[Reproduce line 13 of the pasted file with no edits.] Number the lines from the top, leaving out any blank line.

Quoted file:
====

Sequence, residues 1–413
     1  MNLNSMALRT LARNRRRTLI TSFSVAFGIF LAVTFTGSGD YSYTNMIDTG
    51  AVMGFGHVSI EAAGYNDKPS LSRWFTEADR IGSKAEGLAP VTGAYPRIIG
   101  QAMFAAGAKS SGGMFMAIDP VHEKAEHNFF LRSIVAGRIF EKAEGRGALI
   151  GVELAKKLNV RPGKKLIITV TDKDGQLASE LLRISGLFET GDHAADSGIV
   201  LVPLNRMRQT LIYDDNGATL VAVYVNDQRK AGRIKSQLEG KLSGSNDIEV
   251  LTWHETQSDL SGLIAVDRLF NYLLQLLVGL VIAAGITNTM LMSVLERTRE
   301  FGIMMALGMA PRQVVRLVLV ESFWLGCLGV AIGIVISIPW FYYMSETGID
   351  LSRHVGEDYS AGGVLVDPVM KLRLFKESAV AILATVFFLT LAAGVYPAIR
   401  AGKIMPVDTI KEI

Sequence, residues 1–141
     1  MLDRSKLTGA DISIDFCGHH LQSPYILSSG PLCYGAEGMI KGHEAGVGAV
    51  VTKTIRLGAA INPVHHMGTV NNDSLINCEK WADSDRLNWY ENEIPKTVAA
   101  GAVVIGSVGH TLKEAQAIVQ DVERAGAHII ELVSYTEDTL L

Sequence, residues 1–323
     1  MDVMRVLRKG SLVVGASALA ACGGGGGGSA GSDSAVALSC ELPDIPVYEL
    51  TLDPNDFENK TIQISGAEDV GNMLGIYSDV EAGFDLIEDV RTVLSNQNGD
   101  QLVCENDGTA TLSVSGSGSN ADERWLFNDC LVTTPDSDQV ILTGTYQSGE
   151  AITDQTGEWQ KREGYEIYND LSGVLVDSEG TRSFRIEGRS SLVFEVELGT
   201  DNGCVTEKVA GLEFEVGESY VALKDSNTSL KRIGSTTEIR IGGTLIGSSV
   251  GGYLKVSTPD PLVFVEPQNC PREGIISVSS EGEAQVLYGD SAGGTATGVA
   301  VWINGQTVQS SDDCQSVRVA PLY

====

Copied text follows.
    51  VTKTIRLGAA INPVHHMGTV NNDSLINCEK WADSDRLNWY ENEIPKTVAA